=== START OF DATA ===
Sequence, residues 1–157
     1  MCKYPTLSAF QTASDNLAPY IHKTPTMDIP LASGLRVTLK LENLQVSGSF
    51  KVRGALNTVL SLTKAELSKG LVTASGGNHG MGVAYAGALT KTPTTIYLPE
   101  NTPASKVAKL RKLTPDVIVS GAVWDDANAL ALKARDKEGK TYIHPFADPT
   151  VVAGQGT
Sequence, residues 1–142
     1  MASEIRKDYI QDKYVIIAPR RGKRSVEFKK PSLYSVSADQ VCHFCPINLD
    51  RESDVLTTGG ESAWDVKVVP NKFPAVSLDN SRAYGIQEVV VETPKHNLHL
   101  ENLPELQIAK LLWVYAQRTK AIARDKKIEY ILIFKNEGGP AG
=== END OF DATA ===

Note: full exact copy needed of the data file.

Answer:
Sequence, residues 1–157
     1  MCKYPTLSAF QTASDNLAPY IHKTPTMDIP LASGLRVTLK LENLQVSGSF
    51  KVRGALNTVL SLTKAELSKG LVTASGGNHG MGVAYAGALT KTPTTIYLPE
   101  NTPASKVAKL RKLTPDVIVS GAVWDDANAL ALKARDKEGK TYIHPFADPT
   151  VVAGQGT
Sequence, residues 1–142
     1  MASEIRKDYI QDKYVIIAPR RGKRSVEFKK PSLYSVSADQ VCHFCPINLD
    51  RESDVLTTGG ESAWDVKVVP NKFPAVSLDN SRAYGIQEVV VETPKHNLHL
   101  ENLPELQIAK LLWVYAQRTK AIARDKKIEY ILIFKNEGGP AG